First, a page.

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Jing Song was back in Dunedin last night to auction off wine to raise money for a Toitu Otago Settlers Museum documentary tracing the history of Otago’s Chinese community from the 1860s until the recent construction of the Dunedin Chinese Garden.
She was approached by the museum at the start of the year to raise money for the film, The Journey to Lan Yuan, and felt auctioning off her Crown Range Cellar winery’s new China Girl Pinot Noir was a fitting way to help out.
The grapes for the wine were grown on Chinaman’s Terrace at Bendigo, near Tarras, where Chinese goldminers lived and toiled in the 19th century.
She also still had an affection for the city where she lived for eight years and was glad to be back for a visit and to help such a worthy project.
There was still a lingering regret her plans for a 27-storey tower on Wharf St never came to fruition — she felt the hotel would have been perfect for the growing numbers of Chinese visitors — but she had moved on to other projects, including her award-winning winery.
The wine auction raised more than $18,000, which included a Salmanazar (9-litre bottle) of China Girl, signed by Prime Minister John Key and Sir Michael Hill, selling for $11,500 to an anonymous bidder.
But that was nothing on the plans she had with jeweller and fellow Queenstown resident Sir Michael to create a 15-litre bottle (a Nebuchadnezzar), with sculptured gold mountains around the base and as many as 150 black diamonds melting from the top down.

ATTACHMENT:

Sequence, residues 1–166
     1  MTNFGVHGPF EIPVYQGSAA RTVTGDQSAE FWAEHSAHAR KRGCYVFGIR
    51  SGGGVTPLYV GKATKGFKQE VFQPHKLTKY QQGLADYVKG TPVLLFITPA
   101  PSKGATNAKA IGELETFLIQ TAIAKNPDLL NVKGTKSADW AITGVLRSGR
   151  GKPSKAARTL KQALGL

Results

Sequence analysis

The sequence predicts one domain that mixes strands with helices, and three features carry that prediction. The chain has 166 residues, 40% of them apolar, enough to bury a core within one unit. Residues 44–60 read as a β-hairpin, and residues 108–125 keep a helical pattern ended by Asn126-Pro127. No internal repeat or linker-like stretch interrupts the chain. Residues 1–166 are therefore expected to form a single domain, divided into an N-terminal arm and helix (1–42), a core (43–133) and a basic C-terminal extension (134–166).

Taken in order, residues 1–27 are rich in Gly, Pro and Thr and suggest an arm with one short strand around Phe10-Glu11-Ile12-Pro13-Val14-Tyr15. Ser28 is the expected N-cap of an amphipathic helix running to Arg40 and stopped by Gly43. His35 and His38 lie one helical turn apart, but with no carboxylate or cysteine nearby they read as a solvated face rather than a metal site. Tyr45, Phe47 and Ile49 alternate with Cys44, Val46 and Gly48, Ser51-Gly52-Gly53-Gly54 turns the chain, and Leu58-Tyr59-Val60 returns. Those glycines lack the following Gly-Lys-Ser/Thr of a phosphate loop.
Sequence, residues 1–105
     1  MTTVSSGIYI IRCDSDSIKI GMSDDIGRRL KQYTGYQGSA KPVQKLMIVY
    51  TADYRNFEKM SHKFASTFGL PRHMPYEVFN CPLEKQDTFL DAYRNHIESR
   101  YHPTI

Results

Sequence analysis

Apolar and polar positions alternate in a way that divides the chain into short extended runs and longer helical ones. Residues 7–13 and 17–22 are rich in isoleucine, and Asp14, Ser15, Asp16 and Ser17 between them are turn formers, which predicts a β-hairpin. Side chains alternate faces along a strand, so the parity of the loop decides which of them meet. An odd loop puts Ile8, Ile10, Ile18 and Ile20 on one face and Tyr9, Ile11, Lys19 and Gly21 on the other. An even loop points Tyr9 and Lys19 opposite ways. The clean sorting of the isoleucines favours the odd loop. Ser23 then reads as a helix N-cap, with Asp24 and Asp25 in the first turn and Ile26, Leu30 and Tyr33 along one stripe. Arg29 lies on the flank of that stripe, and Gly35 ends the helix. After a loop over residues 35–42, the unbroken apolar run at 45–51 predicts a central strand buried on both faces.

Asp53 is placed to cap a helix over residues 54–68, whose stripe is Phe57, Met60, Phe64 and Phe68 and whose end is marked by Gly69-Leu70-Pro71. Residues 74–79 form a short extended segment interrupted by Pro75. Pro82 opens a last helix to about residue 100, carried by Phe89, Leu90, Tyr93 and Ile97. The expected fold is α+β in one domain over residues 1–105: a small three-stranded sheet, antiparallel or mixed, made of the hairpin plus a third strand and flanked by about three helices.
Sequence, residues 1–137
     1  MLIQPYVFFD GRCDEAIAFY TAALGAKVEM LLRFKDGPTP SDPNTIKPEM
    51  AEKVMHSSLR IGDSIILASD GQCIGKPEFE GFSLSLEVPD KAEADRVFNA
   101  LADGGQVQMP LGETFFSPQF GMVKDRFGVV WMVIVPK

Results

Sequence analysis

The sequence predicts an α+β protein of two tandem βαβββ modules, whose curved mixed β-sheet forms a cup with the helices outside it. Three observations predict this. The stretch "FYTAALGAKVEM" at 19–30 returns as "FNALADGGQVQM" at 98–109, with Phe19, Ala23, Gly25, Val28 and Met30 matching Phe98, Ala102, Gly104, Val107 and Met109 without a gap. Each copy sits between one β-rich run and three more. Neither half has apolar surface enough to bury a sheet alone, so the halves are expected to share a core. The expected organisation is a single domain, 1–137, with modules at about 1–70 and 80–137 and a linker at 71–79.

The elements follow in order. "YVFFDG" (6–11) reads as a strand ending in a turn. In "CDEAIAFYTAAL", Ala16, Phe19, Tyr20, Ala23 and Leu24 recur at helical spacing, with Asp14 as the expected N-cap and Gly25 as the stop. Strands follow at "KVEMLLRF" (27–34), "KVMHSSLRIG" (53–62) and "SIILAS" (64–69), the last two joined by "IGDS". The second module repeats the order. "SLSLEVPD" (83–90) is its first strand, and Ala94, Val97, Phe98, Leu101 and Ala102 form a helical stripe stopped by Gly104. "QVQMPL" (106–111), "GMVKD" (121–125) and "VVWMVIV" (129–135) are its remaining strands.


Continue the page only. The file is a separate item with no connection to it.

Ms Song was unsure how much the bottle would sell for, but said it could reach $1 million given how much gold was on it.
She saw the bottle as an "art piece".
"It’s about moving forward from the harsh and difficult history that those miners lived through.
"And now it’s about Otago as a place where we produce liquid gold."
She was also working with other Central Otago wineries in the hopes of getting some of the region’s award-winning pinot noirs into Christie’s wine auction in Hong Kong in March.
Despite looking to the future, Ms Song has not completely given up on the idea of building a hotel on the Wharf St site, which she still owned.
"Maybe when the right opportunity comes; I don’t know."